Gannon University Hosts 69th Annual Model United Nations Conference
Students attending the 69th Annual Model UN at Gannon University. Photo courtesy of Dr. Anjali Sahay.
Gannon University hosts its 69th Annual Gannon Model United Nations Conference on Nov. 5 to 6 in the Waldron Campus Center’s Yehl Ballroom.
This year's conference includes topics such as the impact of ocean acidification, protecting the rights of Syrian refugees, promoting the development of infrastructure in Africa, proper use of force in domestic policing, the AIDS epidemic in 1987, and the colonization of the Iroquois Confederacy after the American Revolution.
The opening session was held at 7 p.m. on Friday, Nov. 5. Dylanna Grasinger, director of the International Institute of Erie, delivered the keynote address. Lori Lindley, Ph.D., dean of the College of Humanities, Education and Social Sciences, also addressed students.
Additionally, representatives from the Gannon University Model U.N. attended a flag-raising at 10:30 a.m. on Thursday, Nov. 4 at the Erie Mayor’s Press Conference.
Events are free and open to the public. Learn more at https://www.gannon.edu/academic-offerings/humanities-education-and-social-sciences/undergraduate/political-science/model-un/
About the Gannon University Model U.N.
The Gannon University Model U.N. is the longest-running organization of its type in the country and the second-oldest Model U.N. in the world. Each year, the conference brings hundreds of high school students from schools in Pennsylvania, Ohio and New York to participate in simulations of United Nations committees to deliberate on challenges faced by the international community. The event is moderated by Gannon University faculty, staff and students as an opportunity to learn about diverse cultures and political systems across the globe.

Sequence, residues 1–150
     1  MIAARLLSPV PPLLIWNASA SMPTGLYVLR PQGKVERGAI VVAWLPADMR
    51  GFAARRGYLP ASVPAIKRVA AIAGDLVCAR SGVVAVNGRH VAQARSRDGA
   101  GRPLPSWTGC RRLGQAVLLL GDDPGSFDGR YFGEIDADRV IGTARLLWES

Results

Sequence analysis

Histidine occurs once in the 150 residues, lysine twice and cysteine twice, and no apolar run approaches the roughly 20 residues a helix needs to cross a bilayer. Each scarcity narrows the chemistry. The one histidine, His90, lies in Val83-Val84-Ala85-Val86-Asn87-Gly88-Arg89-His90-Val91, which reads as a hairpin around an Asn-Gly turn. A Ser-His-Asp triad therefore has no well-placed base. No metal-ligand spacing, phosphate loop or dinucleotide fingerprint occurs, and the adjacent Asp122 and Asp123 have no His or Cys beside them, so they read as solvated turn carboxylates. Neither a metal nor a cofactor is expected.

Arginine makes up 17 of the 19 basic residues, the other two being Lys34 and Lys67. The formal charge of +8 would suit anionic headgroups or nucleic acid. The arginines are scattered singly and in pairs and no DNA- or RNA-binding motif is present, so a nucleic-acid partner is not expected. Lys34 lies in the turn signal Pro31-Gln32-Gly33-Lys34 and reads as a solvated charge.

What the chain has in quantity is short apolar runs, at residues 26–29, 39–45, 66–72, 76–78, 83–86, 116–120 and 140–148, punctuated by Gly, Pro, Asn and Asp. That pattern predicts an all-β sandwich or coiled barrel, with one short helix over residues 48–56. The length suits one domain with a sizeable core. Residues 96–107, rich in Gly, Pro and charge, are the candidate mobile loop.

As part of the conference, about 240 high school students assigned to represent different countries will engage in committees that address important topics.
Gannon students and staff have been preparing for this conference since spring and are excited to facilitate dialogue and discussion on topics including ocean acidification, protecting the rights of Syrian refugees, and promoting the development of African infrastructure. Additionally, the U.N. Security Council simulation will address current issues of interested to global security including domestic policing practices and the use of lethal force against civilians worldwide.
In addition to these committees, there will be a historical simulation of the 1987 Security Council that will cover topics including the AIDS epidemic of that period. Joint Crisis Committees with an alternative historical timeline will have students representing key players in the colonialization of the Iroquois Confederacy before the American Revolution. One committee will consist of delegates to the Iroquois Confederacy while the other will consist of delegates representing the American colonial powers.
New to this year’s Gannon Model U.N. Conference is the Press Corps delegation. As part of this students are assigned a major media outlet and must perform the role of journalist while adhering to the style and political leaning of that outlet. Members of the Press Corps will prepare press releases and use social media to report on events in the various committees.
Each year the Gannon Secretariat distinguishes high school students for outstanding participation in the conference. Awards are based on delegates’ knowledge of and insight into world issues during committee meetings and show of diplomatic skills in debating issues. Best Delegate and Best School awards will be handed out at the closing ceremonies on Saturday, Nov. 6. Awards will also be given for the top three position papers submitted prior to the conference.
This year’s secretary general of the Gannon Model U.N. is James A. Neumann. Neumann is a senior double majoring in public service and global affairs and public relations and a member of the Honors Program. Timothy Caswell, Ph.D., associate professor of psychology at Gannon, will direct the planning and implementation of the conference. Alex Holbrook, Ph.D., assistant professor of history, will advise the club.
Gannon’s Model UN Club and conference is supported and advised by Anjali Sahay, Ph.D., associate professor in the political science program. Students in Sahay’s United Nations practicum class will also participate in the running of the conference.